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HOT SPOT – Volunteers need training


Sherrylyn A. Toppin

HOT SPOT – Volunteers need training

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Many of the officials who only come out for the so-called “big meets” on the athletics calendar need to take a long, hard look at themselves.
They have been weighed in the balance and found wanting.
At a time when volunteerism is on its deathbed, it is tough for me to vilify people who give up their Saturdays and Sundays to toil in the hot sun for little or no reward. But it would be remiss of me not to point out some of the glaring errors which have become more apparent as the 2011 athletics season has progressed.
For certain high-profile meets, scores of officials not only report for duty, but are there on time. You don’t see them on Saturdays at the Open League when the Amateur Athletic Association (AAA) is struggling to find people to man certain areas on the track and in the field.
And apart from those who you could count on one hand, they certainly weren’t present at the Multi-Event Trails on April 9 and 10 when meet director Wendy Barrow-Smith had to rely on athletes from her club and a few CARIFTA team members who were at the National Stadium.
Those meets are “too small”, and the athletes deserve more than that.
Ironically, it is at the major meets such as the Powerade Barbados Secondary Schools’ Athletic Championships, the Barbados Relay Fair and even the Joseph Payne Memorial Classic when the volunteers are out in their numbers decked out in officials’ shirts, where their shortcomings are exposed because the bigger the stage, the closer the scrutiny.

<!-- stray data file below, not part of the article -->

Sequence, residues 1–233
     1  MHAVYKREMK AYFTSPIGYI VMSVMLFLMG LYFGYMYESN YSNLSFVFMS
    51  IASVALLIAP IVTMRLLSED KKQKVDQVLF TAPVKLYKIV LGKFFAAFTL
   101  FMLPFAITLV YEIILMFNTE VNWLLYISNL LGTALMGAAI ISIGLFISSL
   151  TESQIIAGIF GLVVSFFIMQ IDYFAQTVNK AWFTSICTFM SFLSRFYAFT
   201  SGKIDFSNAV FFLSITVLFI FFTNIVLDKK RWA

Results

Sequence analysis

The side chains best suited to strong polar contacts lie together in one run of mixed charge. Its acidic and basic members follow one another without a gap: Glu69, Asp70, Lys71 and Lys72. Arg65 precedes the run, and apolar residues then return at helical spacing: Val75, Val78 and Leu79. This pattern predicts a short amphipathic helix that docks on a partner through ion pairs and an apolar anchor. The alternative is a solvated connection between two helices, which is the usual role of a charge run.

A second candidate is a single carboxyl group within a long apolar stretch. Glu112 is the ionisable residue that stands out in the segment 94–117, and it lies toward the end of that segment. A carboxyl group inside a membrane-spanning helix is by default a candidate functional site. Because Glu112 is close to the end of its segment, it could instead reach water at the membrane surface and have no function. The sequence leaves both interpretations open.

Among some of the glaring errors seen over the season have been athletes trailing (the trail leg goes around the hurdle instead of over), relay teams being disqualified for being outside of the takeover zone even though the baton was inside the zone, and athletes running off the track and coming back on without penalties.
In all of these instances, officials have been standing close by and have promptly raised their white flags – signalling that all is well.
Some eagle-eyed spectators like to say officials are pulling their weight for certain athletes, schools or clubs.
I would hope not, but I see it as a need for training. Do they know what they should be looking for before they raise the flags?
 What is a foul in the throws??And did the athlete exit the long jump pit or the shot put sector in the correct place? Did the javelin make a mark? If so, why wasn’t it measured?
The AAA is constantly holding courses for officials and coaches, but the ones who need it most don’t attend. Even some who have undergone training eons ago refuse to go back. 
But the rules are constantly being changed or revised, as is the interpretation of those rules. That is where many officials are caught out. They may know the rules, but they don’t know how to apply them, or their interpretation is faulty. 
An officials’ representative is elected to serve on the AAA council and this person needs to ensure that officials are trained to the highest standard. 
One way of ensuring a cadre of trained officials is to tie a specific number of practical hours at AAA meets into the associate degree programme in physical education at the Barbados Community College and the Caribbean Examinations Council’s PE course for students.
Similarly, the AAA should hold at least three training sessions in the off-season or just before the start of a new season and only those who have attended at least two of those sessions should be eligible to officiate.
With the number of officials declining, that may be a case of cutting off your nose to spite your face. But if the whole registration, training and communication process is done in a structured manner, more than enough officials would be available for each meet.
The difference between making a call or not making it – whether the athlete benefits or not – could be a school or athlete winning or losing. At a higher level, it could mean a Barbadian athlete winning a medal, losing one or being disqualified, because a bad technique was never flagged so it could be corrected.
 
Sherrylyn Toppin is a NATION reporter. 

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